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FEMS Microbiol Lett. 2008 Mar;280(2):195-202. doi: 10.1111/j.1574-6968.2007.01064.x. Epub 2008 Jan 24.

Identification of the mycobacterial glucosyl-3-phosphoglycerate synthase.

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Centro de Neurociências e Biologia Celular, Departamento de Zoologia, Universidade de Coimbra, Coimbra, Portugal.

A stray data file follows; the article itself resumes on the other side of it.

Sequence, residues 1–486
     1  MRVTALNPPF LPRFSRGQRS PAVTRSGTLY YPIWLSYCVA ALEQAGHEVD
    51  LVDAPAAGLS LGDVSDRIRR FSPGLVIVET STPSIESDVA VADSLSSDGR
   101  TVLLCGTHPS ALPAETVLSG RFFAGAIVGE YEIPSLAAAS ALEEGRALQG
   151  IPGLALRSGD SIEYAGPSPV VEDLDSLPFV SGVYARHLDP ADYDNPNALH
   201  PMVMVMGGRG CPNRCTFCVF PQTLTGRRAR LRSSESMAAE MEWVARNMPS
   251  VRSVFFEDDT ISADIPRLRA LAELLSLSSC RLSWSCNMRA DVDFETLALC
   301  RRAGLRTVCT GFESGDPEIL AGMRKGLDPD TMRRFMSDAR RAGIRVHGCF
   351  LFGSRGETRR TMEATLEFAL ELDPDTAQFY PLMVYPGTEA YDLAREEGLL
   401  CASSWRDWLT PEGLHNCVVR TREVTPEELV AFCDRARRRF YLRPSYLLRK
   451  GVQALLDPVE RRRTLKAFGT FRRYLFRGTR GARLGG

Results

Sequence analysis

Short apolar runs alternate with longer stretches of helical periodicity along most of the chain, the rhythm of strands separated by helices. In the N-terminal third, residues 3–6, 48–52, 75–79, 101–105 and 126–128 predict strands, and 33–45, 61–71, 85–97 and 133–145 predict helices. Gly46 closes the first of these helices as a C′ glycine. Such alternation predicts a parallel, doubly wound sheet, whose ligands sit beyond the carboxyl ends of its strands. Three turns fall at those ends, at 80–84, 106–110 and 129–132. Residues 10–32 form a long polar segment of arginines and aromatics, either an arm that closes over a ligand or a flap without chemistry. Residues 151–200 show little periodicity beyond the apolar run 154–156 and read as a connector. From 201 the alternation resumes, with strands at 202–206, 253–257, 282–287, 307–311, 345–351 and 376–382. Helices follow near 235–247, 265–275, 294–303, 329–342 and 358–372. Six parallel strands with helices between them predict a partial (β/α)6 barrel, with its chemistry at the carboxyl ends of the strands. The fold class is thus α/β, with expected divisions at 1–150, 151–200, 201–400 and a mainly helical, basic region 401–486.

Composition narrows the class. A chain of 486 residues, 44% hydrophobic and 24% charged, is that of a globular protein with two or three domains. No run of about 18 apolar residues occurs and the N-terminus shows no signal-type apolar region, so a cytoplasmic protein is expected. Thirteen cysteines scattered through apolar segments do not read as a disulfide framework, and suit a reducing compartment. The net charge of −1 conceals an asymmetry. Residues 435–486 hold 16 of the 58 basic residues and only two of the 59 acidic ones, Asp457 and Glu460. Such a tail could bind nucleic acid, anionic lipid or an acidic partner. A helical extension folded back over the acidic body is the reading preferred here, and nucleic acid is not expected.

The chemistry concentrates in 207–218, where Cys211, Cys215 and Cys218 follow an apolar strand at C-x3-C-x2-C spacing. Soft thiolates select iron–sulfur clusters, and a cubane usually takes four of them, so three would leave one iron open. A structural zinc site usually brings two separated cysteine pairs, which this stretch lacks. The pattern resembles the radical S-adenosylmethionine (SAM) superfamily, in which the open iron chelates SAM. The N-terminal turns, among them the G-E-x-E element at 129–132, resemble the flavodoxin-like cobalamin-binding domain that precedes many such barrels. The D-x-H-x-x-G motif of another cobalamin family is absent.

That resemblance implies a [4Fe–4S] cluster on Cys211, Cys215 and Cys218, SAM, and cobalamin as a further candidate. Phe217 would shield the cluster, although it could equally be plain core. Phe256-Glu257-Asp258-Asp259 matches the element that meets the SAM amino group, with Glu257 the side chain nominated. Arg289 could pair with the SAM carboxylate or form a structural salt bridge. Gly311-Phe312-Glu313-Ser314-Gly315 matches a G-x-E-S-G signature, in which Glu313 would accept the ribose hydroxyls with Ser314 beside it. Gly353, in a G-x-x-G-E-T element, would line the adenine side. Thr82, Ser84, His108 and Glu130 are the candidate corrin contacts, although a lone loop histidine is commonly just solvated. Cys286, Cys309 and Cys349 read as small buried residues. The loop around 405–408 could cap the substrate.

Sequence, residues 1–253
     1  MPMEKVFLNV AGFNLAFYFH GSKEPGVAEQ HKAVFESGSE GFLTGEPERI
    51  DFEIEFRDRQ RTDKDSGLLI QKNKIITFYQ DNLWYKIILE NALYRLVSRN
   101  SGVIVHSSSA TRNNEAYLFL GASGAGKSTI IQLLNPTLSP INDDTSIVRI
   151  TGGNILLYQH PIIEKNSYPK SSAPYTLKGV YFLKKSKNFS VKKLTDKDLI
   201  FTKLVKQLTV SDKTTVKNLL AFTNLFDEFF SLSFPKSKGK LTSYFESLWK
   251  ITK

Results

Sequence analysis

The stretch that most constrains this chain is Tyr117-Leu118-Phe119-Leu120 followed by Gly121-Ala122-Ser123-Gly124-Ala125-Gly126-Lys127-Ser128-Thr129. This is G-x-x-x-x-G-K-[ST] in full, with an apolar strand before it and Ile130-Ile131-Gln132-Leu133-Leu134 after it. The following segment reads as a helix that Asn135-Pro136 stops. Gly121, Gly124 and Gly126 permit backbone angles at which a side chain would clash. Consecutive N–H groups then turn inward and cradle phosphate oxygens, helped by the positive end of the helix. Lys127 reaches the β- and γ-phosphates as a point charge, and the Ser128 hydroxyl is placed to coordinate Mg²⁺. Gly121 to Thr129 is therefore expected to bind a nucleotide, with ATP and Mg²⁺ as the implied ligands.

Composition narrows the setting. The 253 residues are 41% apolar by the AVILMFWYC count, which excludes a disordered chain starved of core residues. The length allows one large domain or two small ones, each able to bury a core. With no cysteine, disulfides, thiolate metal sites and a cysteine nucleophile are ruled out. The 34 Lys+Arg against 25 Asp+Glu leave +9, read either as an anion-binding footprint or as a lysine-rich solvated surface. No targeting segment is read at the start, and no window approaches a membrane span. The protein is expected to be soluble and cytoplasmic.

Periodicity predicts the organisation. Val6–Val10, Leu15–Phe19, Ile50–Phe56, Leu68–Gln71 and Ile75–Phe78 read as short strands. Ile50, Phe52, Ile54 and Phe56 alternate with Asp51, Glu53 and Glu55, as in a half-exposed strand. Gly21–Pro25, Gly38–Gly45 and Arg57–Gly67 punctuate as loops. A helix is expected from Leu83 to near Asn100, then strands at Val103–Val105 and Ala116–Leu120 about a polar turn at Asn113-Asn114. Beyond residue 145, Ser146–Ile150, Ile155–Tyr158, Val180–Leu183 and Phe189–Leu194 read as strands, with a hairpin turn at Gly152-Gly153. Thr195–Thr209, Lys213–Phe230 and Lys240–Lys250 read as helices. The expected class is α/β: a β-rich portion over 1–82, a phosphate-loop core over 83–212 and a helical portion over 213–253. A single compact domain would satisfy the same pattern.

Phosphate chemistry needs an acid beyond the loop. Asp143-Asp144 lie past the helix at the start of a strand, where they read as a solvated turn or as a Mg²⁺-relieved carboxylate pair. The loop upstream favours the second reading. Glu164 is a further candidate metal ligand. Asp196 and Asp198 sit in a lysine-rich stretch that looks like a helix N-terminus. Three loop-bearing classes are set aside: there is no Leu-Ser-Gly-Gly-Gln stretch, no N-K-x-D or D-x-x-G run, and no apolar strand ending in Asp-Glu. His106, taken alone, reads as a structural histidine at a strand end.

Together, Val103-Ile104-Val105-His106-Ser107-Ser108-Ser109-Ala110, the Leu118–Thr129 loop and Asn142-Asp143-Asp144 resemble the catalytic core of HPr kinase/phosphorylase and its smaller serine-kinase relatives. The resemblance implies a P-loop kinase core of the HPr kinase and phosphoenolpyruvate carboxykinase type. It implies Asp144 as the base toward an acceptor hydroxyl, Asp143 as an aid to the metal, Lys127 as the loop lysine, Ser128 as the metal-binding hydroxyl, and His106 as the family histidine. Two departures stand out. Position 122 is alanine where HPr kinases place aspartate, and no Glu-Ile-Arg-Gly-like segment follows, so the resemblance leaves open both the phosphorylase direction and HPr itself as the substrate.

Mycobacteria synthesize unique polysaccharides that regulate fatty acid synthesis, namely the methylglucose lipopolysaccharide (MGLP) and the methylmannose polysaccharide. Glucosyl-(1-->2)-glycerate is found at the reducing end of MGLP. The mycobacterial gene encoding a glucosyl-3-phosphoglycerate synthase (GpgS), primarily found in actinobacteria and sharing very low amino acid identity with known homo-functional GpgSs, has been identified. This gene has been annotated as an inverting family 2 glycosyltransferase of unknown function. The gpgS genes from the fast-growing Mycobacterium smegmatis strain 1102 and from the slow-growing Mycobacterium bovis BCG in Escherichia coli were expressed, and the recombinant enzymes were purified and characterized. The substrates for optimal activity were UDP-glucose and d-3-phosphoglycerate but ADP-glucose was also an efficient donor. The enzymes had maximal activity around 45 degrees C, pH 8.0, and were strictly dependent on Mg(2+). In Mycobacterium tuberculosis H37Rv, the gene encoding GpgS (Rv1208) is identical to the homologue in Mycobacterium bovis BCG and was considered to be essential for growth. It is shown that these genes encode retaining family 81 glycosyltransferases regardless of the low amino acid identity with other known enzymes of this family.

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